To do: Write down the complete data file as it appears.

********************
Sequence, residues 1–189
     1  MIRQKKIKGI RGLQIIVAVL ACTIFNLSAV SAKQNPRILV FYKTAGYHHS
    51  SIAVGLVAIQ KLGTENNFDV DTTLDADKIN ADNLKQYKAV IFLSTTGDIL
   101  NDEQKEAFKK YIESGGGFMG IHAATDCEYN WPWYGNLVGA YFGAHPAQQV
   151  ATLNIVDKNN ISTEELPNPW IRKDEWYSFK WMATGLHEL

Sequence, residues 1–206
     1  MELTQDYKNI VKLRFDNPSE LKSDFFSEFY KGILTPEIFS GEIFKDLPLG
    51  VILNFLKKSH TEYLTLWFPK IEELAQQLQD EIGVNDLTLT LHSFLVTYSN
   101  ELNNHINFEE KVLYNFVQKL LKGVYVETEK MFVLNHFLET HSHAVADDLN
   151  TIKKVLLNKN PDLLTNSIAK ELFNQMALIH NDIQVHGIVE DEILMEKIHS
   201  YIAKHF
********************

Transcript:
Sequence, residues 1–189
     1  MIRQKKIKGI RGLQIIVAVL ACTIFNLSAV SAKQNPRILV FYKTAGYHHS
    51  SIAVGLVAIQ KLGTENNFDV DTTLDADKIN ADNLKQYKAV IFLSTTGDIL
   101  NDEQKEAFKK YIESGGGFMG IHAATDCEYN WPWYGNLVGA YFGAHPAQQV
   151  ATLNIVDKNN ISTEELPNPW IRKDEWYSFK WMATGLHEL

Sequence, residues 1–206
     1  MELTQDYKNI VKLRFDNPSE LKSDFFSEFY KGILTPEIFS GEIFKDLPLG
    51  VILNFLKKSH TEYLTLWFPK IEELAQQLQD EIGVNDLTLT LHSFLVTYSN
   101  ELNNHINFEE KVLYNFVQKL LKGVYVETEK MFVLNHFLET HSHAVADDLN
   151  TIKKVLLNKN PDLLTNSIAK ELFNQMALIH NDIQVHGIVE DEILMEKIHS
   201  YIAKHF